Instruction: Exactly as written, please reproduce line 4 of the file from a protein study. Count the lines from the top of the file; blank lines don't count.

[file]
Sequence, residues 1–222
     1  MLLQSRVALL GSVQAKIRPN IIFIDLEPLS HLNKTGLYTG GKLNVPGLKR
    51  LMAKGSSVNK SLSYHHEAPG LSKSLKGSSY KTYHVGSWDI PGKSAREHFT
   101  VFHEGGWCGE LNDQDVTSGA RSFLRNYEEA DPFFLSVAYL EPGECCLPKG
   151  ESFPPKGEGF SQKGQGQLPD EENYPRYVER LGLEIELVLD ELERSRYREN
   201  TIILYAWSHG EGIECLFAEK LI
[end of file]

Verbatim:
   101  VFHEGGWCGE LNDQDVTSGA RSFLRNYEEA DPFFLSVAYL EPGECCLPKG